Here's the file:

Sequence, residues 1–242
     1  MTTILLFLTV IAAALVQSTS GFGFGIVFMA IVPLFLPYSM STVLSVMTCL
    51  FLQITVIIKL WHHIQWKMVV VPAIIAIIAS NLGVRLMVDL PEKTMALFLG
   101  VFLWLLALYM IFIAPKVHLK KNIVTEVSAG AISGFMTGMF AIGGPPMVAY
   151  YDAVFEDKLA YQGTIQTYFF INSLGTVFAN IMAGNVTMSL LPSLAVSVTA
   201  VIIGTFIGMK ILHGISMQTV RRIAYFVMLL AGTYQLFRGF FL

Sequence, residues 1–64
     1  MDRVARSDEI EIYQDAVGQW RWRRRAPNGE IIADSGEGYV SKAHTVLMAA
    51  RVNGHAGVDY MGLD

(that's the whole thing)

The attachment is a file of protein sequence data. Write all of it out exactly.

Sequence, residues 1–242
     1  MTTILLFLTV IAAALVQSTS GFGFGIVFMA IVPLFLPYSM STVLSVMTCL
    51  FLQITVIIKL WHHIQWKMVV VPAIIAIIAS NLGVRLMVDL PEKTMALFLG
   101  VFLWLLALYM IFIAPKVHLK KNIVTEVSAG AISGFMTGMF AIGGPPMVAY
   151  YDAVFEDKLA YQGTIQTYFF INSLGTVFAN IMAGNVTMSL LPSLAVSVTA
   201  VIIGTFIGMK ILHGISMQTV RRIAYFVMLL AGTYQLFRGF FL

Sequence, residues 1–64
     1  MDRVARSDEI EIYQDAVGQW RWRRRAPNGE IIADSGEGYV SKAHTVLMAA
    51  RVNGHAGVDY MGLD